Getting off trail for a few days always makes it difficult to get back on; seeing friends and family and indulging in the ease of off trail life seems to cause homesickness to kick in hardcore, especially for the kids. Cartwheel had a hard time leaving the comforts of off-trail life to return to the woods. Robin Hood did his best to cheer her up; he even made her a stick doll with a birch bark skirt. Her grandparents tried as well. And her stuffed bear, fuzzy, accompanied her back on the trail for a few days. All to no avail.
I’m writing this two days later, and she is now back in full swing, once again having a great time (the past couple of days she has been doing well in the afternoons, but struggling each morning — wet socks don’t help in this regard). But addressing her brother three days later, unprompted, she said, “I wanted to thank you for trying to cheer me up. Even though I couldn’t say it at the time, it meant a lot to me that you made me that doll and tried to make me laugh.
It’s moments like that that bring tears to a parents eyes (and help reassure us that we’re right to be out here despite the occasional temper tantrum that comes with a hard day.
The morning started out with a breakfast in town, where we fortuitously ran into Ginger and Gilligan strolling down the street. The same thunderstorm that had caused us to spend a night in a hotel after our drive had driven them off the ridge in an impressive display of lightning and thunder. They were 15 miles ahead of us but the roads led to the same town.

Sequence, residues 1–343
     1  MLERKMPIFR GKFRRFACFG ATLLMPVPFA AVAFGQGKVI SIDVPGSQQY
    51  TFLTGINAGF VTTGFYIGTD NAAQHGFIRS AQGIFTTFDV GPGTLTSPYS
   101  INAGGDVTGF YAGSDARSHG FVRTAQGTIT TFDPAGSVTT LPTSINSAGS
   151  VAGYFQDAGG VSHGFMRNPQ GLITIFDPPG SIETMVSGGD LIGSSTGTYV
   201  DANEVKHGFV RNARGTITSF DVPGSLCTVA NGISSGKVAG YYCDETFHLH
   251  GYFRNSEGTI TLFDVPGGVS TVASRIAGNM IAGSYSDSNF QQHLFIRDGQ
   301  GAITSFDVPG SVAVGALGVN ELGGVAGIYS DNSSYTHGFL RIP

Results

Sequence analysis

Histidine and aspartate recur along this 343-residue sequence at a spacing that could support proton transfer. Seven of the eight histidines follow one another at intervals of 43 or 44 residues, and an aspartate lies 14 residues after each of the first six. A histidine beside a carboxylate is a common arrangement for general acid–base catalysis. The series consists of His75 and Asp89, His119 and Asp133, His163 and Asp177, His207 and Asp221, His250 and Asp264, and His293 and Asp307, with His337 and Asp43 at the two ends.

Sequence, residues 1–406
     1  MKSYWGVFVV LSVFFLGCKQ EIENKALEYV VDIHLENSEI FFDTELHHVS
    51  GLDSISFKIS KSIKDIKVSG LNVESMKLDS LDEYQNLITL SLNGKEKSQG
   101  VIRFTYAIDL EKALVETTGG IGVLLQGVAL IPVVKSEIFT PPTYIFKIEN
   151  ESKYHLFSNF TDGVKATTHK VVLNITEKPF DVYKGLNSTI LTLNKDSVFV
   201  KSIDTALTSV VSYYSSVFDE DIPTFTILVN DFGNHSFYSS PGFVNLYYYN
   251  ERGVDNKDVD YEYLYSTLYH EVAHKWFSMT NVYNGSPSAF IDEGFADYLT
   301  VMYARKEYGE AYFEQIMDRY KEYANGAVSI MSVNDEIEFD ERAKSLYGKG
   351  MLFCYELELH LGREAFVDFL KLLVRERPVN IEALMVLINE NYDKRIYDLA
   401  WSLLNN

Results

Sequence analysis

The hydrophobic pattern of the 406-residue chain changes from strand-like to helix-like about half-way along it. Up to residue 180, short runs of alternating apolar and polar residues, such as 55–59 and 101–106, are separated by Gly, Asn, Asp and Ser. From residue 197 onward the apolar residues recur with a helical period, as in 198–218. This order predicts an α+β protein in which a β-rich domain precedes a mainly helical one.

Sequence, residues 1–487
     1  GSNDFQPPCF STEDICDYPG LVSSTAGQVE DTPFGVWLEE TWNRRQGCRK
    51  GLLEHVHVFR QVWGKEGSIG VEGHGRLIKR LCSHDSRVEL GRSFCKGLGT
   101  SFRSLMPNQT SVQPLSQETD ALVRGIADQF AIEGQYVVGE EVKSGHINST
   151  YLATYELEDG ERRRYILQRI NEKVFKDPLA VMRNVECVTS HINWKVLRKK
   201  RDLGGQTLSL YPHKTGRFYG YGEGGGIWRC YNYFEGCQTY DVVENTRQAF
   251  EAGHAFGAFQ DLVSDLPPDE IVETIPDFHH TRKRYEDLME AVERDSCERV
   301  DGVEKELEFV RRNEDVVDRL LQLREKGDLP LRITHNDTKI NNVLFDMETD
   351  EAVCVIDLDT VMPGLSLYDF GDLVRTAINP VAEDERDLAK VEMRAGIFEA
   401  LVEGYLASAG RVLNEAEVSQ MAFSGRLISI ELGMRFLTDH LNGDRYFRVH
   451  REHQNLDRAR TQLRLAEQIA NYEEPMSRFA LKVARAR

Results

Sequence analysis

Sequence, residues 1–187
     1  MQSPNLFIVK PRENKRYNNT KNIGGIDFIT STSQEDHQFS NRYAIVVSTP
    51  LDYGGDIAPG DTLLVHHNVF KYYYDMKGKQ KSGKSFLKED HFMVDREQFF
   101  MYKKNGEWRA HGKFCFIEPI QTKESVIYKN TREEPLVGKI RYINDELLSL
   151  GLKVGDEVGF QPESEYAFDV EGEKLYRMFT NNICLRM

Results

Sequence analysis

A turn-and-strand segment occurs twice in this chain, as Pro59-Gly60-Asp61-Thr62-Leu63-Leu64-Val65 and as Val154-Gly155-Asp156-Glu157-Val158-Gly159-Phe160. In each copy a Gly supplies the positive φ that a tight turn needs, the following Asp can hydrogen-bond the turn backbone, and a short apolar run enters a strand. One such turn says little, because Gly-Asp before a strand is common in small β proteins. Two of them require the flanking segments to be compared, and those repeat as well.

We got in the trail late morning with Mama Bear’s parents joining us for a few days. Her mom quickly earned the trail name Grammy Bear. Her dad declared that he felt like Sisyphus because every time he got almost to the top of a hill, someone sent him to the bottom again. Robin Hood got a kick out of this name and showing due respect for his elder declared, “we can call you Sissy for short.”
Despite a rocky start, it felt great to be back on the trail, and there was laughing and merriment aplenty.